Lesbian police officer honoured
The Australasian Council of Women In Policing named Senior Sergeant Joy Murphy of Victoria Police Most Outstanding Female Leader in the Australasia and Pacific Island Region, ahead of many more senior contenders at a ceremony Monday 27 August.
The award cited her battle against discrimination, her role as a founder of the Gay & Lesbian Police Employee Network (GALPEN) and her work mentoring other gay and lesbian officers.
Senior Sergeant Murphy was commended as the first to complain to the Equal Opportunity Commission about discrimination on the grounds of lawful sexual activity and orientation within Victoria Police.
Joy was outed by colleagues in 1992, enduring a lot of grief before complaining to the Commission in 1998, after some police targeted her friends and supporters.
They kept knocking me down, Joy said. Unfortunately I’m a pretty determined sort of person. I kept getting back up. When they saw that wasn’t working they started targeting people who were supporting me. That’s when I decided to take it further, because that actually hurt me more than them having a go at me.
At the same time she helped to start GALPEN, which was begun by David Truman and Jill Wood.
Dave -¦ said there’s a lot of people in this job that are getting hardly done by and we need to do something to help them. So given that I’d been outed anyway, I decided yes, nothing to lose now -“ at least I didn’t think I had at the time -“ and so I became involved.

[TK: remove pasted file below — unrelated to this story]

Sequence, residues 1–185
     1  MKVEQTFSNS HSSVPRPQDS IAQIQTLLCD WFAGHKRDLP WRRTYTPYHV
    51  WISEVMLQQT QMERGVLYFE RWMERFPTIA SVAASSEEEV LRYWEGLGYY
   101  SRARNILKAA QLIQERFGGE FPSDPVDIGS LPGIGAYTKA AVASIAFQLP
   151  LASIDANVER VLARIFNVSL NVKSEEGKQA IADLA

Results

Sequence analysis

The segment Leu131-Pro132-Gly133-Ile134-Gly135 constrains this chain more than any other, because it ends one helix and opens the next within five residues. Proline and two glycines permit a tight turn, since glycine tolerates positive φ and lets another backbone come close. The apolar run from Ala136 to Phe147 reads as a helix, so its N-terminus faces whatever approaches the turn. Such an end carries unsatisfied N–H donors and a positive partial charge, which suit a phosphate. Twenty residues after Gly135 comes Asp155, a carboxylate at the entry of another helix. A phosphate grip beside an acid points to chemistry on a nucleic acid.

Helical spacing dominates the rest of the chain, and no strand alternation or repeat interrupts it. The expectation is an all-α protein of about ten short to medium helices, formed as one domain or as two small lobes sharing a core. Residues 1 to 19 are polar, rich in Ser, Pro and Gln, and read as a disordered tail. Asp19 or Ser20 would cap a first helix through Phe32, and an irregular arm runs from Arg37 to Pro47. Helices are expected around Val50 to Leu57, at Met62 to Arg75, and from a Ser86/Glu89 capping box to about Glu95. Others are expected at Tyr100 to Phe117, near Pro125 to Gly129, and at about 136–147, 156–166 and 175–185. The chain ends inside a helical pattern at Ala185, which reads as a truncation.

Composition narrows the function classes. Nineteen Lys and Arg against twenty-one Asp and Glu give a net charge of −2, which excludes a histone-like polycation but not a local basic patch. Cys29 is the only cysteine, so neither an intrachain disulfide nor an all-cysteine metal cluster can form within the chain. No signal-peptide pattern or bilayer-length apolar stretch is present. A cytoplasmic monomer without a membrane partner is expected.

With no support from the Police Association, Murphy’s situation didn’t improve until she was introduced to lawyer Melanie Young. Finally, on the eve of the main hearing, Victoria Police settled, but not before Murphy’s partner, also a member of the force, had been forced out by the pressure.
Even then Murphy’s battles were not over. Only six months after returning to work she was diagnosed with leukemia, which she believes was triggered by the years of stress.
Now in remission, she remains upbeat and confident that it was all worth it. She says the battle with the disease is not as draining as her battle with discrimination.
I mean you can accept if you get an illness. There’s a chance anyone can get some kind of illness, she said.
But you don’t expect people who you’ve worked with and maybe even done things to save their lives and help them, to suddenly turn on you , when you’ve done nothing to them. You’re the same person you were, they just know a little bit more about you.